Russian President Vladimir Putin announces new Syria ceasefire deal between government and opposition forces, with Russia and Turkey as guarantors

Francesca Washtell
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The Syrian city of Aleppo has been ruined in the Syrian conflict (Source: Getty)
he Syrian government and rebel groups have agreed a countrywide ceasefire that will take effect at midnight on 30 December, Russian President Vladimir Putin announced today.

The agreement will be followed by peace talks between Bashar al-Assad's government and opposition forces in Kazakhstan at an as yet unspecified date.

Syria's army said the ceasefire will begin at 00:00 (22:00 GMT) on Friday.

The truce excludes Islamic State and the Al-Qaeda-linked group formerly known as the Nusra Front.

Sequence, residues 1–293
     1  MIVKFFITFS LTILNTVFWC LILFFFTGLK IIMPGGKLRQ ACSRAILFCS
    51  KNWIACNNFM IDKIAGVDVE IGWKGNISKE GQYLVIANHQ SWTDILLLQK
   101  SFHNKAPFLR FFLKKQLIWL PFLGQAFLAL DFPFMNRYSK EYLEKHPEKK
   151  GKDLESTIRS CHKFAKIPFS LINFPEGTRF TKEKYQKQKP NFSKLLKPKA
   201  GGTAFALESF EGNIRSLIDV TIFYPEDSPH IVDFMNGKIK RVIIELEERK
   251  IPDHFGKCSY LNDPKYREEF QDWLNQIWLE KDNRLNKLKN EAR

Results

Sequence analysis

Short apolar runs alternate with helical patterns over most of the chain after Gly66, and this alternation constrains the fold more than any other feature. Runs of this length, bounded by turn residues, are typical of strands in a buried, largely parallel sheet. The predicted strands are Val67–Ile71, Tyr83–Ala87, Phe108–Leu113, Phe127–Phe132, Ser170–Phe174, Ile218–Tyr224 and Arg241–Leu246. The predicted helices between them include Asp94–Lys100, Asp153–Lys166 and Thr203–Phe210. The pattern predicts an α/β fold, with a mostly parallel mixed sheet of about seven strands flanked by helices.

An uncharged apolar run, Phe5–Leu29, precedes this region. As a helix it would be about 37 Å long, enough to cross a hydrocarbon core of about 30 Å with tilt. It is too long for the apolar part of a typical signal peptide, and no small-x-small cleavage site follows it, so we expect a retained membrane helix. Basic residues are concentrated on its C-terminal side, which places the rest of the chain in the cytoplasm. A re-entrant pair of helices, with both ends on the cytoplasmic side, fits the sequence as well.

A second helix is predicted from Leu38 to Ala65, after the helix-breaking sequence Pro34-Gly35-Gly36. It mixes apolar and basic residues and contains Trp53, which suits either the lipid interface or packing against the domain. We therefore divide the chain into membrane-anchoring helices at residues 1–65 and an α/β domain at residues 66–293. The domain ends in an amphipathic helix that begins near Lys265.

Read more: Syria must burn itself out: It is time for the West to do nothing

Russia and Turkey, who have backed different sides in the almost six-year long conflict, will be guarantors of the deal.

This is the third Syrian ceasefire agreement to have been agreed. Both the former agreements, reached in February and September, later collapsed.

Last week, Syria's army said it has returned the city of Aleppo, formerly Syria's most populous city, to government control, ending a four-year hold by rebel forces over parts of the city.

In October, the US ended negotiations with Russia concerning a ceasefire agreement with Syria. At the time, the US State Department said Russia was "unwilling or unable" to convince the Syrian leadership to agree the ceasefire, and it had instead turned on the opposition in Syria.

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